CCC’s Sixth Carbon Budget shows BECCS needed to achieve net zero

By Erin Voegele | December 09, 2020

The U.K. Climate Change Committee on Dec. 9 released its Sixth Carbon Budget, which provides guidance on the volume of greenhouse gas (GHG) emissions the U.K. can emit from 2033-2037 to achieve its net-zero goals.

According to the CCC, emissions must fall by almost 80 percent by 2035 when compared to 1990 levels in order for the U.K. to stay on track to meet its climate goals. The Sixth Carbon Budget spans more than 400 pages and identifies bioenergy with carbon capture and storage (BECCS) as one of the technologies needed to achieve net zero emissions.

Drax Group plc is already piloting a BECCS project at its wood pellet-fueled power station in the U.K. Will Gardiner, CEO of Drax, said the Sixth Carbon Budget reinforces the need for negative emissions to achieve the U.K.’s net zero goal. “The Government’s new 68 percent NDC commitment last week, alongside this report, reinforce how net zero will only be achievable through negative emissions and sustainable BECCS in the U.K., “ he said. “This world-leading technology can showcase the UK’s global leadership in the run up to COP26 in Glasgow next year.”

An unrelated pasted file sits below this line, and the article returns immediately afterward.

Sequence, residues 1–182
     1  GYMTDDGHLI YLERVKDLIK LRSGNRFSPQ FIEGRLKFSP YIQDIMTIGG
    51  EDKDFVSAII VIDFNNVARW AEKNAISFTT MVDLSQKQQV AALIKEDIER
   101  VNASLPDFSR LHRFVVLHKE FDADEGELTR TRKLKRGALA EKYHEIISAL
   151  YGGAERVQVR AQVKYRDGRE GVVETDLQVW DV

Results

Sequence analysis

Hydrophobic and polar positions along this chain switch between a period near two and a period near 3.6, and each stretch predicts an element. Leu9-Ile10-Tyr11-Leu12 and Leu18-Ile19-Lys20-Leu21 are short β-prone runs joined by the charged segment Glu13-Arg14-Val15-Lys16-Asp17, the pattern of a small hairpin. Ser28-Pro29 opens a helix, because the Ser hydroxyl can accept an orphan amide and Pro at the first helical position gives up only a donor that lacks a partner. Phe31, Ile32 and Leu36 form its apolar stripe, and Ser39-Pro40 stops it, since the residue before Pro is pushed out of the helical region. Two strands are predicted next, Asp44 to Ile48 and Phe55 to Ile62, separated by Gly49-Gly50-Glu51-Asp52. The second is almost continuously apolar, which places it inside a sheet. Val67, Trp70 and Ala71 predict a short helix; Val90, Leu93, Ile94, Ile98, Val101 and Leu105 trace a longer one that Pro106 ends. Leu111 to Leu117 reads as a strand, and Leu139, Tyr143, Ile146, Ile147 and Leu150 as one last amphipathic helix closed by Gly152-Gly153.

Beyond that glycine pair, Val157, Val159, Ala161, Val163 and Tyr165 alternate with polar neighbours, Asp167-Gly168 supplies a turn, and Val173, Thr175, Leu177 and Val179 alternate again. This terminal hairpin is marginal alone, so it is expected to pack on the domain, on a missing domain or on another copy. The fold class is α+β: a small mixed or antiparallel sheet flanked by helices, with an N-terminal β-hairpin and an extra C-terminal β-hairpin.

The U.K. Renewable Energy Association has also welcomed the CCC’s Sixth Carbon Budget. “The headline from the Sixth Carbon Budget will be the 78 percent reduction in GHG emissions being brought forward by 15 years and that this can be achieved whilst supporting green jobs growth and an economic recovery,” said Nina Skorupska, chief executive of the REA. “There are many additional and welcome elements within the report – the support for a range of bioenergy technologies and energy crops; the doubling of electricity generation which will all be low-carbon; and the restoration of peat landscapes and new woodland, are particular highlights.

“We do believe that more needs to be done with regards to the aviation sector and the heavy goods vehicle market for road transport,” she continued. “The plans to transition to low-carbon alternatives by 2050 and 2040, respectively, are too conservative to have a significant impact. We know that the Capex and Opex savings will balance out any short-term cost if there is the ambition to take action sooner.

“Nevertheless, this Carbon Budget does provide a basis from which the government can look to build their carbon reduction agenda,” Skorupska added. “If we start reducing emissions today rather than tomorrow, we will have a far greater chance of avoiding global temperature rises and tackling climate change.”

A full copy of the Sixth Carbon Budget can be downloaded from the CCC website.